Since posting, we heard back from Richard Skorman on the matter. He clarified that though the Gazette was eager to reference a message he sent to former Studio A64 owner K.C. Stark asking for a list of marijuana business owners to seek campaign donations from (and saying he was having some difficulties raising funds), Skorman hasn’t received any donations from the industry. “I told Wayne Laugesen (of the Gazette) that,” he explains, “which is why [the editorial] made me so mad.”
Skorman also noted that the Gazette omitted the part of his post to Stark that references the reason why he’s been having some trouble raising money. He says he’s heard from numerous supporters who’ve given to his past campaigns that they’re reluctant to give this time because of the influential feathers he ruffled during the Strawberry Fields ordeal.
“Both times [the Gazette] published the post they left out that part,” Skorman says. “And I resent that they say I’m anti-home building. It’s absolutely not true. I talk about affordable housing and attracting millennials a lot, but I do think developers should pay their way. The reason police and fire are so stretched right now is because of our stormwater burden and I don’t want that to happen again. It’s not ‘anti-home building’ to say we need to make sure everyone else doesn’t end up paying for it.”
The argument laid out by the Gazette was reductive to the point of insulting. The editorial board chose two policy distinctions between the candidates and held them in isolation to make sweeping generalizations about what each man represents.
Fowler, with his background in and support from developers and builders, is the candidate of homes. Skorman, with his willingness to allow local retail marijuana sales to fund public safety needs and openness to accepting donations from the industry, is the candidate of pot.
Got it? Let’s review. Fowler = homes, Skorman = pot. Now, because you, dear member of the reading public, are supposedly incapable of independent, nuanced thinking, let’s have the Gazette editorial board remind us that homes = good and pot = bad.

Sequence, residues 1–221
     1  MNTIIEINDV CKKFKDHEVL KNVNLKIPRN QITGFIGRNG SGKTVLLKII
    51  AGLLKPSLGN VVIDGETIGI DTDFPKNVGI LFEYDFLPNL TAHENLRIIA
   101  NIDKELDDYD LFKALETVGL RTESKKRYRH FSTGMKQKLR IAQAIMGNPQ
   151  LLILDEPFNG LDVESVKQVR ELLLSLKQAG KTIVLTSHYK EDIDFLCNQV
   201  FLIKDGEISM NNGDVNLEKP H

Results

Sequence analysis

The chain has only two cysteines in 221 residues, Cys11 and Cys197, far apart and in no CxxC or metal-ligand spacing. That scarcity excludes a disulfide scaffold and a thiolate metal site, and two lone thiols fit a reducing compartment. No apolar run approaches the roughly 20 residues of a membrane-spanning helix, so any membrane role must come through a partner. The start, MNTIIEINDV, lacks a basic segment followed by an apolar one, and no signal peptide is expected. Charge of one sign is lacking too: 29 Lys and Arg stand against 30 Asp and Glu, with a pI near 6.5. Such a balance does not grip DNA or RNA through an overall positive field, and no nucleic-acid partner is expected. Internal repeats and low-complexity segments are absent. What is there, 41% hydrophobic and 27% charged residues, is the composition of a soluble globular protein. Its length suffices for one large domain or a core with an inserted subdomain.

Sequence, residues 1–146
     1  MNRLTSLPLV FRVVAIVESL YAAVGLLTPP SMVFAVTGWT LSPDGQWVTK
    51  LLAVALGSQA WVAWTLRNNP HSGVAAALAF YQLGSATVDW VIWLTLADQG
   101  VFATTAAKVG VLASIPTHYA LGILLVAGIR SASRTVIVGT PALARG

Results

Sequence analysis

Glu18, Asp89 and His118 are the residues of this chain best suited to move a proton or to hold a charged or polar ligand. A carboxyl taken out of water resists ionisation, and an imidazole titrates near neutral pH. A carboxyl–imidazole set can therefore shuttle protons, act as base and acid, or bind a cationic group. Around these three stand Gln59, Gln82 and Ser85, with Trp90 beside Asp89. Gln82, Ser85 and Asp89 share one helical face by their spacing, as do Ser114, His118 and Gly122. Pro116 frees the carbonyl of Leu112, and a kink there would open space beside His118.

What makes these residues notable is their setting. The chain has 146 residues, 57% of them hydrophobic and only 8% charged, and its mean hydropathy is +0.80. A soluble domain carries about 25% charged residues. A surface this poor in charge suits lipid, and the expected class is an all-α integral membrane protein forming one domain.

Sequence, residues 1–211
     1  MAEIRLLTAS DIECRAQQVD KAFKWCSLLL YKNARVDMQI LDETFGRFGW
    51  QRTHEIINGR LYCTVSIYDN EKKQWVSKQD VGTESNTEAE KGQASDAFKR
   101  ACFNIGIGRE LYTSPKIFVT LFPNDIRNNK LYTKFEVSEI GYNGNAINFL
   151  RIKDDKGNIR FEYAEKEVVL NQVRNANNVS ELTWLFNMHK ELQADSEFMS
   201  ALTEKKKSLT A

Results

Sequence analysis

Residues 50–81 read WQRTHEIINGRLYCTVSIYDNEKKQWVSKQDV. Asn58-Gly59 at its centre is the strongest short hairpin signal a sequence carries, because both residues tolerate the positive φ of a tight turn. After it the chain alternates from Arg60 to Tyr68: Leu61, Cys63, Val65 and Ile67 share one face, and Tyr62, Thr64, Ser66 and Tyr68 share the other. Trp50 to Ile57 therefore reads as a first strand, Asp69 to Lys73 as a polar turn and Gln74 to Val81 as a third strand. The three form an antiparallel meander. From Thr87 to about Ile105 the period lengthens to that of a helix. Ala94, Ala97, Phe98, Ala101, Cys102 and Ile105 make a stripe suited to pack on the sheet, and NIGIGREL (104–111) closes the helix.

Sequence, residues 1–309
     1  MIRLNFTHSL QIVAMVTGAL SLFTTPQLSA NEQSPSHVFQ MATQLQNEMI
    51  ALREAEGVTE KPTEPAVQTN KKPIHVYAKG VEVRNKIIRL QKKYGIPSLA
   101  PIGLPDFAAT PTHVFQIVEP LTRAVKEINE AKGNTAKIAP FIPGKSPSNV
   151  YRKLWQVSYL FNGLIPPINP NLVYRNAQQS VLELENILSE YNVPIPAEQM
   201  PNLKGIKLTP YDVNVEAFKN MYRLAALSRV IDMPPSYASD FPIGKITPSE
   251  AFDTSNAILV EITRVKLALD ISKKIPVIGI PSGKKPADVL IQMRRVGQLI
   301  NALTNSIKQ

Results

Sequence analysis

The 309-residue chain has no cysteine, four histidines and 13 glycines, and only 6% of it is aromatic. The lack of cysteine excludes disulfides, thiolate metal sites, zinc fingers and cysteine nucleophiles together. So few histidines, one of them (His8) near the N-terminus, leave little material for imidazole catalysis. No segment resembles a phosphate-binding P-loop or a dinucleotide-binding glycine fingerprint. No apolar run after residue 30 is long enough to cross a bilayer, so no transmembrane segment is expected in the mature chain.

“Colorado Springs needs developers and homebuilders,” begins their glowing assessment. “Without them, we will never get affordable homes needed in the community's core to attract and retain young professionals who desire to live here and start families. Without them, we can't attract desirable primary employers who pay wages that boost the tax base. Without them, we'll have a hard time keeping graduates of our local colleges and people leaving military service. Without the work and investment of developers and homebuilders, our children must look for more affordable cities to call home as they become young adults.”
So, without developers, your kids will move away. But with pot, your kids will get fucked up.
See here: “We don't need streets lined with commercial pot shops selling a recreational drug that is increasing demands and costs in public safety, mental health services, homelessness and neighborhoods full of illegal grow houses.”
Now, allow us to correct the Gazette's record on this inane equation.
Let’s start with the premise that Skorman is “the pot candidate.” In response to the Indy’s campaign season questionnaire, five other candidates said they’d be willing to let voters decide on retail pot in city limits. And you don’t see anyone going around calling Helen Collins the pot candidate.
As for campaign cash, the editorial referenced a private message online in which Skorman asked someone in the marijuana industry for a list of cannabis business owners so he could reach out to raise money. Latest reporting shows he's pulled around $35,000 so far this campaign season, though no listed donors appear connected to the industry. Which means, no, he's not in the pocket of “Big Marijuana.”
The topic of special interests is indeed relevant though. For the Gazette to publish rave reviews of developers’ choice candidates is their prerogative. But, for there to be no disclosure of the paper’s own interests in that realm goes beyond innocent oversight.
The daily paper’s owner, billionaire Philip Anschutz, has major land and property holdings in the region — most notably in this context, The Broadmoor hotel. Recall that last year, The Broadmoor executed a controversial land swap with the City wherein it acquired a tract of public land in exchange for several parcels owned by The Broadmoor and a promise to take better care of Strawberry Fields than the city was able to.
Who fought the swap tooth and nail? That’s right, Richard Skorman — longtime parks and open space advocate with a proven record of caring about those issues enough to actually work on them. If he were truly “the pot candidate,” wouldn’t we have seen him leading campaigns, forming nonprofits and filing lawsuits on behalf of, say, local cannabis clubs?
When reporting and editorializing the Strawberry Fields story, the Gazette failed to mention its owner’s direct stake in the outcome. So, perhaps it should come as no surprise that when smearing the swap’s most vocal opponent, still no such disclosure appears.